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Wet soils, delayed planting may mean changes in tillage, herbicide applicationWet soils, delayed planting may mean changes in tillage, herbicide application

Karen McMahon

May 3, 2011

2 Min Read

A drive through south-central Minnesota and northeast Iowa on Tuesday found farmers hitting the fields with tillage equipment. We spotted multiple tractors with tracks in several fields as the race was on to cover as many acres as possible. After all, less that 5% of Minnesota’s corn crop was planted. A year ago, 85% of the crop was in the ground.

The late fieldwork and planting will mean a change in tillage and production plans for some farmers. Purdue Extension agronomist Tony Vyn issued recommendations for handling some of the changes. Here are the highlights:

  • Exercise caution, control weeds, and enhance seedbed quality where possible. The worst possible combination would be doing secondary tillage when the soil is wet, and having that followed by hot and dry conditions during early development of corn seedlings.

  • Limit soil damage and the creation of any root-restricting soil layers during either the tillage or the corn-planting operations. Potential corn yields in 2011 can be compromised more by poor soil structure following poor tillage choices from now on than they have been by the planting delays thus far.

  • Herbicide sprayers should still precede tillage and planting in fields that will not receive full tillage this spring.

  • No-till corn planting remains a viable option. The probability of successful yields with no-till does not decline with later planting dates; if anything, the yield potential of no-till corn increases, compared with corn yields likely to be achieved after more intensive tillage operations.

  • Vertical tillage systems may speed surface soil drying. Typically, shallow and high-speed vertical tillage operations may help to speed up the rate of surface soil drying when there is nonuniform residue cover or rain-matted residue cover.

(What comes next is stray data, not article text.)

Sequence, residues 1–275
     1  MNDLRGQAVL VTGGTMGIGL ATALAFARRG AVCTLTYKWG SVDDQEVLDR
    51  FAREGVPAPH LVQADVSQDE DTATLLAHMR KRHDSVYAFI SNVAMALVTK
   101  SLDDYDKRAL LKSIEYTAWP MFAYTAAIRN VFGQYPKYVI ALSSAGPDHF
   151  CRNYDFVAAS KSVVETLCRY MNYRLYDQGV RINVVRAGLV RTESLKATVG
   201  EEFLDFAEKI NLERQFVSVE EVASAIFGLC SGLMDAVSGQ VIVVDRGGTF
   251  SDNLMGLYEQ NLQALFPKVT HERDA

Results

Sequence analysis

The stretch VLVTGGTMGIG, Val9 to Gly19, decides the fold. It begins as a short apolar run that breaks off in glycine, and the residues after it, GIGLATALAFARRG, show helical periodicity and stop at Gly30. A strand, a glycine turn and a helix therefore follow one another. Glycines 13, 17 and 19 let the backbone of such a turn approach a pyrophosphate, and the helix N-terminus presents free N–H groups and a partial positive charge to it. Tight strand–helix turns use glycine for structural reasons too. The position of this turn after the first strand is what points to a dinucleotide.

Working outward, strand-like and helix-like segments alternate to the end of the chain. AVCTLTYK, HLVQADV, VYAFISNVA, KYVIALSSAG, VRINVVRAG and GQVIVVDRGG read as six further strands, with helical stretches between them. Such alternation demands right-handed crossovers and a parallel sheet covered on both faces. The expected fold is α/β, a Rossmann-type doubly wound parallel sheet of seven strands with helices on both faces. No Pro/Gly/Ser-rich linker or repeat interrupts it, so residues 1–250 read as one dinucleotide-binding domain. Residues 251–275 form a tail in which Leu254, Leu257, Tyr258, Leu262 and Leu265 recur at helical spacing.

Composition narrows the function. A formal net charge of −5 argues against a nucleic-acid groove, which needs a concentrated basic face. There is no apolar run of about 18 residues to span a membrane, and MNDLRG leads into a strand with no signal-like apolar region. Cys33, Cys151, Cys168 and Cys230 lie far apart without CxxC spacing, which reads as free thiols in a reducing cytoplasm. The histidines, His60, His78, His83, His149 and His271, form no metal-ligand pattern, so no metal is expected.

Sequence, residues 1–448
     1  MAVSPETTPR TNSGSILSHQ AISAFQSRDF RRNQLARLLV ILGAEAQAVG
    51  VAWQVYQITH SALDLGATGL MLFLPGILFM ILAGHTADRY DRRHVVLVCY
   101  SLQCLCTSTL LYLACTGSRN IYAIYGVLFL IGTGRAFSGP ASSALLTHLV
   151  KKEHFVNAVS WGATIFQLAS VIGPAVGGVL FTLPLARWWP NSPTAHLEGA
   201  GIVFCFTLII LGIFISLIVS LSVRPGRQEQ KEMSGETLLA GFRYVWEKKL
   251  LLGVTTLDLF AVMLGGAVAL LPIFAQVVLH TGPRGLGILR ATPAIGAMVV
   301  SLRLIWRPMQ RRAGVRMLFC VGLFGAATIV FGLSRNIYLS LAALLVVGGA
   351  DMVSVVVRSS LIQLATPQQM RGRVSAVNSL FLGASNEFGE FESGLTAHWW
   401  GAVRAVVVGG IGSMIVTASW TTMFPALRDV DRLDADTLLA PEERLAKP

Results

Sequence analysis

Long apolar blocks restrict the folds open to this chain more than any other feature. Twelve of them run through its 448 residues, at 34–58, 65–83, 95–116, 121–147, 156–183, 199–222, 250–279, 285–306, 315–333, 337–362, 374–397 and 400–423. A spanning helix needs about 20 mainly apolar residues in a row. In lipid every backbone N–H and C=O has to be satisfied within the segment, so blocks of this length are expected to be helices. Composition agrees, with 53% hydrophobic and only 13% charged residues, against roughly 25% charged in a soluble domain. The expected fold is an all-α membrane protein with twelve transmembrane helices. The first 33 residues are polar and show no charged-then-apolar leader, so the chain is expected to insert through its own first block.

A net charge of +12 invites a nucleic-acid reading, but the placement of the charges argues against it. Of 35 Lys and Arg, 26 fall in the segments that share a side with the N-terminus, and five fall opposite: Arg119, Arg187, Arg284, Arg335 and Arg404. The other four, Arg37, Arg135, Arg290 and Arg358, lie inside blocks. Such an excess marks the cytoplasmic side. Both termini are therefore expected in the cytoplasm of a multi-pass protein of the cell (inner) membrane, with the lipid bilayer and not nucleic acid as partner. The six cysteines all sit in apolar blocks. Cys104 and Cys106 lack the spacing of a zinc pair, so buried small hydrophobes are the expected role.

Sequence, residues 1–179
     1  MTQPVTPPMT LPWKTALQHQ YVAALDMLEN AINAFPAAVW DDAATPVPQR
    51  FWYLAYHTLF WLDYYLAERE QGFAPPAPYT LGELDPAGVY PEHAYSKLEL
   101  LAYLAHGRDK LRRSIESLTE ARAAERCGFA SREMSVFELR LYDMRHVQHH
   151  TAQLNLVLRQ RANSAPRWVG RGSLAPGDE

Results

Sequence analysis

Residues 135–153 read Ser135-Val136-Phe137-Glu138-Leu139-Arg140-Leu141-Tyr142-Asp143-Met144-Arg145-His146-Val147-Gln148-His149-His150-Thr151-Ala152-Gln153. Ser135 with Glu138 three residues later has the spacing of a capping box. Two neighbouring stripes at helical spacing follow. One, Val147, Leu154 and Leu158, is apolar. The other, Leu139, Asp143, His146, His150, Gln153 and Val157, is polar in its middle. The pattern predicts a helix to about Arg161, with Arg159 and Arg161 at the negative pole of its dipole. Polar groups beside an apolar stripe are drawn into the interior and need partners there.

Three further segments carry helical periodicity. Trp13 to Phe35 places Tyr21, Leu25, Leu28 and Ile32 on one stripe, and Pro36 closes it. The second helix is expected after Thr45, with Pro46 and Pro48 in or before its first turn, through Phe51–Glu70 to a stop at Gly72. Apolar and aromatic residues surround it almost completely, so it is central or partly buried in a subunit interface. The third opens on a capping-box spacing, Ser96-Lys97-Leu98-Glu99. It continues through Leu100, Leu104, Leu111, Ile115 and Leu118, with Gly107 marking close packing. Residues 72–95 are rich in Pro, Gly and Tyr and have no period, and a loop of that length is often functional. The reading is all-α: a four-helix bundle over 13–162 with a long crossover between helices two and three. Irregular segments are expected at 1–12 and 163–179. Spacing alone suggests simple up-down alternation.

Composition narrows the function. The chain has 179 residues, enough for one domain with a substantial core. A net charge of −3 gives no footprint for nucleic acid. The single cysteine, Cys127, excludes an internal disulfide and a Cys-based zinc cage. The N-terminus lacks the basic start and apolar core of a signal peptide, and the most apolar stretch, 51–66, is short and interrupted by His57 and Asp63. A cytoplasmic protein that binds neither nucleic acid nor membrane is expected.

• Spring strip-tillage operations should be shallow. If farmers can wait until soil conditions are fit down to a 4- or 5-inch depth and have the equipment options to do shallow strip-till in spring, the practice can produce corn yield advantages.

Read the complete list at http://extension.entm.purdue.edu/pestcrop/2011/issue4/index.html#tillage


About the Author(s)

Karen McMahon

Karen McMahon has been a well-respected and award-winning agricultural journalist for more than three decades. In 2000, she served as president of the American Agricultural Editors' Association (AAEA), a group of more than 400 professional farm writers. She also is active in the Agricultural Media Summit (AMS) and served as chairman in 2001 and chair of the sponsorship committee for several years. She has attained the top Master Writer Award level from AAEA and won various writing awards from the Am. Society of Business Publication Editors and Minnesota Monthly Publications Association.

Karen joined Farm Industry News as senior editor in 1998 and was named editor two years later. Prior to that, she was managing editor for five years of another Penton publication, National Hog Farmer. She grew up on a diversified crop and livestock farm near LeMars, IA, and earned her degree in journalism from South Dakota State University. Since then, Karen has worked in agricultural communications.

Her experience on magazines and organizations includes work on Hog Farm Management, the National Pork Producers Council, and Hogs Today/Farm Journal.

Karen may be reached at 9520851-4680

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